Polynyas – What they are and what they may mean for North America?

Polynyas are areas of persistent, almost permanent open water where in the past we would expect to find sea-ice flows.  For the most part, they tend to be roughly oval, oblong, or circular in shape, but they can be irregularly shaped, too.   The water remains open because of processes that prevent sea ice from forming or that quickly move sea ice out of the region.

Everywhere between the orange-yellow boundary in the median edge, 1981-2010 and actual sea-ice cover there is open water in our sea-ice concentration map for 23JUN19.  Except for the Barents-Kara (B-K) Sea region over Russia – where there has been no sea-ice – this is ALL NEW-FORMED POLYNYAS.

Screen Shot 2019-06-24 at 9.17.12 AMNote, the oblong open water shores of Arctic Alaska, Northwest Territories and Nunavut.  NSIDC and Fridtjof Nansen Environmental ResearchLaboratories

Screen Shot 2019-06-24 at 9.53.19 AMClose-up view of frost flowers grown on new ice in very calm conditions. Photo courtesy of Ted Maksym, United States Naval Academy. 

Sea ice is not a continuous, smooth sheet, but rather complex surfaces that varies dramatically across even short distances.

Sea-ice is usually covered with just plain snow, insulating it and delaying melting in the summer. The snow also modifies the electromagnetic radiation signal detected by polar satellites.  Wind from a consistent direction can blow snow into ridges parallel to the wind direction, just like small sand dunes. These complex, fragile shapes are called sastrugi.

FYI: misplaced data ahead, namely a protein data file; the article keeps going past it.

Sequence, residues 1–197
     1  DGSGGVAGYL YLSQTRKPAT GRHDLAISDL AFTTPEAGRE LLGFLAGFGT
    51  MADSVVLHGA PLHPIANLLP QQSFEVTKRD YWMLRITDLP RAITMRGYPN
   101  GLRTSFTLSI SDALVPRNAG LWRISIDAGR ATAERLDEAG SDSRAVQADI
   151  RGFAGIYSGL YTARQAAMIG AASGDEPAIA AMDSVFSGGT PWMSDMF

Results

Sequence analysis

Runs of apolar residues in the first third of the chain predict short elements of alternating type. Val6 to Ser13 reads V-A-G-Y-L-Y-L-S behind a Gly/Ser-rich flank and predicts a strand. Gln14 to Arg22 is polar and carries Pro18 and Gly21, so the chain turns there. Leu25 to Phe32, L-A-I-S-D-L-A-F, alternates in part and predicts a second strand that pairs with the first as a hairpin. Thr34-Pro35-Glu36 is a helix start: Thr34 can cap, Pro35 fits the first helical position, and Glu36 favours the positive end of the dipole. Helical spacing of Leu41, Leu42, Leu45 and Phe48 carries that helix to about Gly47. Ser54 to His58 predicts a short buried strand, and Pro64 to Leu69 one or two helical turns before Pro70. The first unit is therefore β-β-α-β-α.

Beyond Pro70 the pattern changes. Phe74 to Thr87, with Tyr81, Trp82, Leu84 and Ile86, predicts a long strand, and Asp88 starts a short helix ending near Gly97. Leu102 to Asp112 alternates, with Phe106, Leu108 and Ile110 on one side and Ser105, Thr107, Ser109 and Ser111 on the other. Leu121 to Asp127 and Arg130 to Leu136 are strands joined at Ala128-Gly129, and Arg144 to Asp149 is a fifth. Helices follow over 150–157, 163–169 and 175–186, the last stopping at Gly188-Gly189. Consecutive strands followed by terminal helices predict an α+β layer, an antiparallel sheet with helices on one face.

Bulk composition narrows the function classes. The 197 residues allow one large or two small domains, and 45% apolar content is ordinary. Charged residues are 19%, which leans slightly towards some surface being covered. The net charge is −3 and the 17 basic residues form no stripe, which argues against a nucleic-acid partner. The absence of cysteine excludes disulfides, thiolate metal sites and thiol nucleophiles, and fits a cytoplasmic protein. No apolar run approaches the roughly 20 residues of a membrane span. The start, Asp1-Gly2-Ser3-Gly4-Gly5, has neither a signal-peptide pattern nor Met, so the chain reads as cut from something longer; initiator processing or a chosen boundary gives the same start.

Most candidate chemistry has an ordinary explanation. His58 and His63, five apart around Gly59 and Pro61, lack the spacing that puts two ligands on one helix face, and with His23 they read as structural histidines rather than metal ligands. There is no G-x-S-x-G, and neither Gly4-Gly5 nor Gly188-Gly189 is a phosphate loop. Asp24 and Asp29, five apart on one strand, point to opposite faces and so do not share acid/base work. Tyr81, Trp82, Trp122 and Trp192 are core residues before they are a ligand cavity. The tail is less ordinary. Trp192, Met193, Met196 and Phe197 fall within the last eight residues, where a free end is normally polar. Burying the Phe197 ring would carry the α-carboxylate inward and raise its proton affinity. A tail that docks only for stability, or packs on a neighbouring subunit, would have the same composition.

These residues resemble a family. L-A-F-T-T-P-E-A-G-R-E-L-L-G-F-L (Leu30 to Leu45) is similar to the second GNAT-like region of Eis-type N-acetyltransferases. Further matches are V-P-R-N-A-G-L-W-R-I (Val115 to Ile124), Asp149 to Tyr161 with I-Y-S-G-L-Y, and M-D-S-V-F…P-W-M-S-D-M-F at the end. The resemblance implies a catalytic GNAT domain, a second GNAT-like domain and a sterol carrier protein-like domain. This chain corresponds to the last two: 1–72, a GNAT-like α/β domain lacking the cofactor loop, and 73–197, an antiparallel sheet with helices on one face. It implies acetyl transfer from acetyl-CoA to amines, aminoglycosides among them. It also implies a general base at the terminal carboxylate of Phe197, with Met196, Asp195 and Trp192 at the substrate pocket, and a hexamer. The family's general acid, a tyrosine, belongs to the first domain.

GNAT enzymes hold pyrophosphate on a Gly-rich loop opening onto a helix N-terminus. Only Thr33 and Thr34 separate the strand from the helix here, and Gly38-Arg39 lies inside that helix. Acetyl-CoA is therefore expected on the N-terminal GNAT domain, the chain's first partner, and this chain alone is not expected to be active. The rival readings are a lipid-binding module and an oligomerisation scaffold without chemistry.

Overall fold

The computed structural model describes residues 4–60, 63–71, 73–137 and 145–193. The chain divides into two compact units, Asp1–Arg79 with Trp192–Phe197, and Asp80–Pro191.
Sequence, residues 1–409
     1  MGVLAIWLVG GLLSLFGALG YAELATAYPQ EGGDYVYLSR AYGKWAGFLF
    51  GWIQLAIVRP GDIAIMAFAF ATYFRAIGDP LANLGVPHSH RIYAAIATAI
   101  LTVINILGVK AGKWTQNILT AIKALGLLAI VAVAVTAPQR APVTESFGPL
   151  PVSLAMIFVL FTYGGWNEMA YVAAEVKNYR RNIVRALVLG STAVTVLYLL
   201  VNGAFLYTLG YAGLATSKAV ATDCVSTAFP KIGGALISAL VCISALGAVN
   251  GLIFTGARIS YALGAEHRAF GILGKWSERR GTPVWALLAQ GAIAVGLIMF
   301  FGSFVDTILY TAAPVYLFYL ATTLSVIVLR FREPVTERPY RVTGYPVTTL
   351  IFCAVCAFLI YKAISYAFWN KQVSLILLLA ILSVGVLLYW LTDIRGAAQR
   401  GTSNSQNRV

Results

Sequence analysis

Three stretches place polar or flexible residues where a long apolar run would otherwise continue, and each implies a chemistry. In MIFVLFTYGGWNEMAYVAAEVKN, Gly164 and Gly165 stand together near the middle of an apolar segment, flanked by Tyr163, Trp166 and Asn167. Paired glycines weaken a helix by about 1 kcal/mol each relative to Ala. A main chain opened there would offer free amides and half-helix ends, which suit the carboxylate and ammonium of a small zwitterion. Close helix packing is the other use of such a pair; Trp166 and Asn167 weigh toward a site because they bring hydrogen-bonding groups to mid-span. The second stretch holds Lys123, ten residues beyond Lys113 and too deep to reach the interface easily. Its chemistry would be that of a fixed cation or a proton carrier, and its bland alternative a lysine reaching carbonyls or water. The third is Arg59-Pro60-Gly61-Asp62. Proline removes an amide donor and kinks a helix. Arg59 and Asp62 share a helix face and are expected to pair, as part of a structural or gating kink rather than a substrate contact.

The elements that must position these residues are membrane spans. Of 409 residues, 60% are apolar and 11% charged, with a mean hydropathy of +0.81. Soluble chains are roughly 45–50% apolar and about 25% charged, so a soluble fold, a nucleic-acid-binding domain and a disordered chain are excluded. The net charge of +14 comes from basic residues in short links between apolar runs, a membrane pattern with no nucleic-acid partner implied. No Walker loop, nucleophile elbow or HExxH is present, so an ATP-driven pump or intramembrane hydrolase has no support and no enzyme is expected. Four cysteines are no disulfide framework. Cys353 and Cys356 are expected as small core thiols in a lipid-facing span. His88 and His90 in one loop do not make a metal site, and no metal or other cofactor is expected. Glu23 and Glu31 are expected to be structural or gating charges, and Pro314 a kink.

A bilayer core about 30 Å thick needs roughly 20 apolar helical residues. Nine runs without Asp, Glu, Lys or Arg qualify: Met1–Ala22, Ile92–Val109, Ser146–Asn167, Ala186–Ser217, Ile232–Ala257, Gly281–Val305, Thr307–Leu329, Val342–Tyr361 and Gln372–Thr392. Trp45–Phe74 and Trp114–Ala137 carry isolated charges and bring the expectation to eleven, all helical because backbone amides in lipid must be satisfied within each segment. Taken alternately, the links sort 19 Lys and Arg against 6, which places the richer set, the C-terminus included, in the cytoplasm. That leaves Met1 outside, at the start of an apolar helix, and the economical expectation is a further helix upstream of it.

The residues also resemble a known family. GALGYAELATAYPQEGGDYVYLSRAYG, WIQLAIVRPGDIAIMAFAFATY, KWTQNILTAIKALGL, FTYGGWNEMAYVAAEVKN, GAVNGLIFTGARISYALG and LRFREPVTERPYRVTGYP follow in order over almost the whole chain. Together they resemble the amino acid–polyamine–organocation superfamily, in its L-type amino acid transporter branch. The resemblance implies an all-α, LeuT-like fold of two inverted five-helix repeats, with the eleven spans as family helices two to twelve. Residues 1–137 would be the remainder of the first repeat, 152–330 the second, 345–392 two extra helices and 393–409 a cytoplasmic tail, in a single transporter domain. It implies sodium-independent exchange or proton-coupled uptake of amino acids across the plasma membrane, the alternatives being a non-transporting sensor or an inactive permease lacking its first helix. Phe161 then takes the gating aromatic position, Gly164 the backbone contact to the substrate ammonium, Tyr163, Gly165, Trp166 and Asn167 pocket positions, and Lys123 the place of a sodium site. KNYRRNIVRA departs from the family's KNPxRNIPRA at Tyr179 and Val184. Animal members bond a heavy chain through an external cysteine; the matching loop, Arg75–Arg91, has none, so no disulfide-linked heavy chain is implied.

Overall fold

Unusual features form on the surface of sea-ice may include  frost flowers – crystals of ice deposited when water vapor bypasses the liquid phase and becomes a solid. (Sublimation).  Frost flowers roughen the surface and dramatically alter its electromagnetic signal.

There are two types of polynyas (described below), differentiated by the mechanism of ice removal. One process often dominates in a given polynya, but both can occur…

Arctic Sea Ice Polynyas

Particularly with this oblong polynyas over Alaska, we are given something absolutely “new!” We have no idea how this will effect our Winter 2019-2020, nor that of the rest of the World until we model its appearance. Not an easy task.

To say something is “new!” in the Arctic is not a good thing, perhaps, during a rise in Global Temperatures to 1.5-2.0C above pre-Industrial levels.  We will monitor this new development.

It could be just a Bad Winter for the Eastern Seaboard, or it could be the ‘beginning of the end’ for the present Arctic Sea-Ice cover.  It is predicted by the IPCC reports and the National Arctic Report Card (USA) that the Arctic Polar Cap will melt completely within the next 10-15 years, then re-fomr with cooling temperatures.  Is this the beginning?  No one can tell, just yet.






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